The work of American abstract painter Jeff Elrod is based on the combination and interweaving of digital and analogue practices. He first creates doodle-like compositions on computer editing programs, such as Photoshop or Illustrator, and then projects the images onto canvas, and tracing the computer-generated images by hand with paintbrushes or spray paint. In their clash of digital and analogue, his paintings connect the history of painting and abstraction with recent advances in digital technology:
“Elrod’s technique has modified in the past decade as the tricks of Photoshop have evolved – color gradients, spray effects, and even the option of scanning a potential background scrap that he has found in his studio all now crop up in his large-scale works, compounding the complexity of transferring the image onto the canvas in his Sunset Park studio. Nevertheless, Elrod’s mediation still happens with the use of the mouse between him and the machine.” (Christopher Bollen, ‘The New Abstract: Jeff Elrod,’ Interview Magazine, 2014)
Elrod therefore reverses the more typical relationship of authority between new technologies and old: rather than digital prints trying to pass themselves off as painting, his works are conscious painterly misprisions. Early photography emulated painting in order to be recognised as high art, and assuage its own mechanical fears with a highly artificial and derivative aesthetic. Here, however, Elrod uses ‘traditional’ processes to emulate the new – perhaps exploring how the digital is taking over all facets of our lives. Photoshop has colonised art. Keep up or be left behind, he seems to say, in turn fetishising the authorial creative trace in the face of digital encroachment.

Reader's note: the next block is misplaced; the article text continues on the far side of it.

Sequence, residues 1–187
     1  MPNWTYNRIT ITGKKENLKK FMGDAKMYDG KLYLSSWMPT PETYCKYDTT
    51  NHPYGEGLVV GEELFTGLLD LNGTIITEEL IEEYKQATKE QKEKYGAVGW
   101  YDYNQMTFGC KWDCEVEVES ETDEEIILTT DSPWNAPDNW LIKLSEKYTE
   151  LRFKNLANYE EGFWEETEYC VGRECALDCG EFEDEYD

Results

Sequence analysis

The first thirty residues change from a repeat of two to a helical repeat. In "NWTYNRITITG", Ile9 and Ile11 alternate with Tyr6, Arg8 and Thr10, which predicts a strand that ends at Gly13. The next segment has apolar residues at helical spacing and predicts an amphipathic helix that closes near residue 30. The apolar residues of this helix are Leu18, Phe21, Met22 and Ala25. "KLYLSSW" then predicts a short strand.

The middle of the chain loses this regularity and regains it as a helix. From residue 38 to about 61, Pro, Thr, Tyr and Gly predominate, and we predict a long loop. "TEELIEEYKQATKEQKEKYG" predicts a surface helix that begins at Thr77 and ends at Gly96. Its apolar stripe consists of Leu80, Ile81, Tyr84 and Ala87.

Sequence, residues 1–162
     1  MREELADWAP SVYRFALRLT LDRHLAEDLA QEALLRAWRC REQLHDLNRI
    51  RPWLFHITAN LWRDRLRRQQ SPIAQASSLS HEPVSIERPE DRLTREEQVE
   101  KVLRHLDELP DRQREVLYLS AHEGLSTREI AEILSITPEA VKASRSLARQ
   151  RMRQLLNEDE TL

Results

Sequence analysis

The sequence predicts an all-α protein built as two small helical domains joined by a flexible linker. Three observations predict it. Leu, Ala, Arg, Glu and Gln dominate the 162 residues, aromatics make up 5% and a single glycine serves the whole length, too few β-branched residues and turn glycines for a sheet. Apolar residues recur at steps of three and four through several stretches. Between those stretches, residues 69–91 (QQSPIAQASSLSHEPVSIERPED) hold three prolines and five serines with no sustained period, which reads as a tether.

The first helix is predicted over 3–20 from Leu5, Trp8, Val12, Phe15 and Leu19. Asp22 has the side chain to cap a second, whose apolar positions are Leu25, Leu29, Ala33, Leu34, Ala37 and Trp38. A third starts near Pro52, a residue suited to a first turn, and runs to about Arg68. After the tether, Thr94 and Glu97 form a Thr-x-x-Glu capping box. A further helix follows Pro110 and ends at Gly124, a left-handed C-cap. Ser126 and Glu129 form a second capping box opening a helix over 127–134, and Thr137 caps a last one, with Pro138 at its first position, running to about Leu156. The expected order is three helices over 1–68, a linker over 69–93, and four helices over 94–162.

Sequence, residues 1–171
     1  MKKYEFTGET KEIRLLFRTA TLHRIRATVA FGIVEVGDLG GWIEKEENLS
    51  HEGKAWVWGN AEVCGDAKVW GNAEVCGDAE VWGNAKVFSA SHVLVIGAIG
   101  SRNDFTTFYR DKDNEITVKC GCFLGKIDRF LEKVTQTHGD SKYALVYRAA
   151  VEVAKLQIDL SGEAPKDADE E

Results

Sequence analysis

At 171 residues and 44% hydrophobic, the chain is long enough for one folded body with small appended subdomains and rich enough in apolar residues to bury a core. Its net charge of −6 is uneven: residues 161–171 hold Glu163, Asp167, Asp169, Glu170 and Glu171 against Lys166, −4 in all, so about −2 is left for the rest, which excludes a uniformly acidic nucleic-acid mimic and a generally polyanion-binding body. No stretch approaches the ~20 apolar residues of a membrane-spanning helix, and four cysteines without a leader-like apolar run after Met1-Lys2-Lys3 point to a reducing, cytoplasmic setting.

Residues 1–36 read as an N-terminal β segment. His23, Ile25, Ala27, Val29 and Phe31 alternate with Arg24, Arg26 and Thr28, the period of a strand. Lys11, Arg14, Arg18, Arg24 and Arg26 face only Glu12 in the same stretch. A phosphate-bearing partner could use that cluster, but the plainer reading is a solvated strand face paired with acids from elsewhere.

The artist calls his computer compositions “frictionless drawings” – through this term he positions his use of digital technology as a way of distancing the direct intervention of the artist’s hand in the production of art works: a “digital breed of automatic writing.” For Elrod, this guarantees a certain freedom, experimentation, and the possibility of expressing the subconscious. This nod to the legacy of Surrealism acts to legitimate the production of digitally manipulated art, and, in a sense, highlights the redundancy of Elrod’s artistic effort and obviously painstaking labour process. He translates the digital through a highly self-conscious process of painting – a gesture of aesthetic transference that is at once Sisyphean and elegiac.